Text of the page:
Table 1. Binary classification accuracy comparison.
Table 1. Binary classification accuracy comparison.
ModelACC (%)Dice/p-Value
CNN [41]96.0094.11/0.00
BHCNet [12]97.3695.31/0.00
ResNet [42]93.4090.13/0.00
NucDeep [43]96.2193.21/0.00
ResHist [44]90.8388.01/0.00
myResNet-34 [45]91.6789.72/0.00
The bold value indicates the best result.
Table 2. Multi-class classification accuracy comparison.
Table 2. Multi-class classification accuracy comparison.
ModelACC (%)F1MCCKappaG-Mean
CNN [41]80.300.820.770.790.76
BHCNet [12]88.810.910.860.860.84
ResNet [42]78.840.800.760.770.75
NucDeep [43]68.300.700.660.680.65
The bold value indicates the best result.
Table 3. Multi-class classification performance comparison for auxiliary and main networks using different models (M-Net: main network; Aux-Net: auxiliary network).
Table 3. Multi-class classification performance comparison for auxiliary and main networks using different models (M-Net: main network; Aux-Net: auxiliary network).
M-NetResNetSE-ResNetDenseNet ResNeXt
O-SVM [26]89.1888.3489.2790.66
LPN [25]88.9887.8189.2590.32
GNN [32]88.9488.1088.4689.92
The bold value indicates the best result.
Table 4. Silhouette Scores comparison.
Table 4. Silhouette Scores comparison.
ModelSilhouette Score
BHCNet [35]0.135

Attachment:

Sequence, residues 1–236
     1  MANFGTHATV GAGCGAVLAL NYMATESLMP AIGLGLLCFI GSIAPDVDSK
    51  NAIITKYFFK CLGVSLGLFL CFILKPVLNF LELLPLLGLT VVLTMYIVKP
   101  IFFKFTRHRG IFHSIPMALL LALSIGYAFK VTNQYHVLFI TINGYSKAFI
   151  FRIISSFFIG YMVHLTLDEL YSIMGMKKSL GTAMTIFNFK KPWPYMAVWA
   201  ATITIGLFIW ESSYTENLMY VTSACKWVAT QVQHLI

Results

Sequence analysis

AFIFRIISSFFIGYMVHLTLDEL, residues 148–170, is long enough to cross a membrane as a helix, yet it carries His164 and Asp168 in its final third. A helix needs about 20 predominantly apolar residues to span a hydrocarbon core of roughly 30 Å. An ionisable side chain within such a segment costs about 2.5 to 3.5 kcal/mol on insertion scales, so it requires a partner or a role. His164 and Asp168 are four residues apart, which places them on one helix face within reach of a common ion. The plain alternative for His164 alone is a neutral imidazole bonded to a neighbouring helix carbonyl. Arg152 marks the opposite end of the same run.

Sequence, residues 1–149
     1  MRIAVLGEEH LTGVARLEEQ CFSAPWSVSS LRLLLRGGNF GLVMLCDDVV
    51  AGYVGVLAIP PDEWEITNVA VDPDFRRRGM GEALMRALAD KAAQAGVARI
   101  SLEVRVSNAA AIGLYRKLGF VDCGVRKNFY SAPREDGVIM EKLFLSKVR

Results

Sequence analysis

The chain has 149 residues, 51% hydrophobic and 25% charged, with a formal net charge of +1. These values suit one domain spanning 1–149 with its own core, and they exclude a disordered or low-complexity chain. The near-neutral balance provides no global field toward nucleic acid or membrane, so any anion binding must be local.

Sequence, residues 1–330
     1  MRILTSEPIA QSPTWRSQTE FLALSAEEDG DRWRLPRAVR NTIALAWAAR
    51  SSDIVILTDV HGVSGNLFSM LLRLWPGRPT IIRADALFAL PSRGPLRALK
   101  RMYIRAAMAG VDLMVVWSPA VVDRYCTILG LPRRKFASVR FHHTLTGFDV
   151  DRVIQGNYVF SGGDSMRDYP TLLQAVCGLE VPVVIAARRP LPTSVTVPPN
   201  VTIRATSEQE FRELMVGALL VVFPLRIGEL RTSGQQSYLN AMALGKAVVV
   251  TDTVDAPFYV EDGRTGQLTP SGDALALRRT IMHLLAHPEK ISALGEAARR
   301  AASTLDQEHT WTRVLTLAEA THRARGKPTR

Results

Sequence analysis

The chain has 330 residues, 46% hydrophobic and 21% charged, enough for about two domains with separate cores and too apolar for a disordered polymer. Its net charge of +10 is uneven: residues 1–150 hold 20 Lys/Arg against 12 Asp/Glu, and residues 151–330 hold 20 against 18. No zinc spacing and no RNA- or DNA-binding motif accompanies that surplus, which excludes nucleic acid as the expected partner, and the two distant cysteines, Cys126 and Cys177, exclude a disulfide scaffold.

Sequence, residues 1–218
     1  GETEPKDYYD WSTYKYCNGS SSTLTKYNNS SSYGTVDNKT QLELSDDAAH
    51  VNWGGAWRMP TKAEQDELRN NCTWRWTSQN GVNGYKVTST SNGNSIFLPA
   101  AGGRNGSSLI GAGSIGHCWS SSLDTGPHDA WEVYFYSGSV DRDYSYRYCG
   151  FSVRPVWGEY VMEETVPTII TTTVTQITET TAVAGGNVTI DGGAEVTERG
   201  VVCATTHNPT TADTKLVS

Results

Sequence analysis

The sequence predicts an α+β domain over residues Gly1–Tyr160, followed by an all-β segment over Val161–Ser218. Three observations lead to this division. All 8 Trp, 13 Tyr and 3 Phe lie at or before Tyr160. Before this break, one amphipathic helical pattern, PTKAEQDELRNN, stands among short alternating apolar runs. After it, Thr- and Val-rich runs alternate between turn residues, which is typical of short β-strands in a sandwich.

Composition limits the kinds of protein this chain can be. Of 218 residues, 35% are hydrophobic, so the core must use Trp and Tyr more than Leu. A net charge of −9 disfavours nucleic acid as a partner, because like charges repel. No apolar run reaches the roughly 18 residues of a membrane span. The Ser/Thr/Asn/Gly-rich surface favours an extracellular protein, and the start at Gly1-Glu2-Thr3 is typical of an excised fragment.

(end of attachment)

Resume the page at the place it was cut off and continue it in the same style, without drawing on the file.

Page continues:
STMLAN w/o auxiliary network0.145
The bold value indicates the best result.

5. Conclusions

In the endeavor to classify breast tumor pathology images, the intrinsic variability present in the characteristics of each pathology image presents a significant challenge for the clinical deployment of CAD systems for breast tumor pathology classification. To address this challenge and develop a system with robust generalization capabilities, this paper introduces the Single-Task Meta Learning Auxiliary Network (STMLAN) model. The STMLAN comprises a main network and an auxiliary network, showcasing exceptional classification capabilities. A pre-trained ResNeXt was utilized as the main network for its superior classification abilities, while MetaOptNet, known for its analytical optimization capabilities, serves as the auxiliary network. Drawing upon the generalization strengths of Meta Learning, the Single-Task Meta Learning strategy was proposed to train the auxiliary network. This approach harnesses the additional optimization momentum provided by the auxiliary network, enabling the training of a feature embedding model within STMLAN that exhibits enhanced generalization capabilities for classification tasks. Through a series of experiments, STMLAN has been proven to outperform other CNN-based classification methods in distinguishing between benign and malignant tumors, as well as classifying eight subcategories. Analysis from the ablation study also reveals that the overall model performance is optimized when employing ResNeXt as the main network in conjunction with O-SVM as the auxiliary network. Furthermore, feature data visualization and Silhouette Scores have both confirmed that training the auxiliary network with the Single-Task Meta Learning strategy indeed allows the main network’s feature embedding model to learn more discriminative and generalizable high-level features from breast tumor pathology images.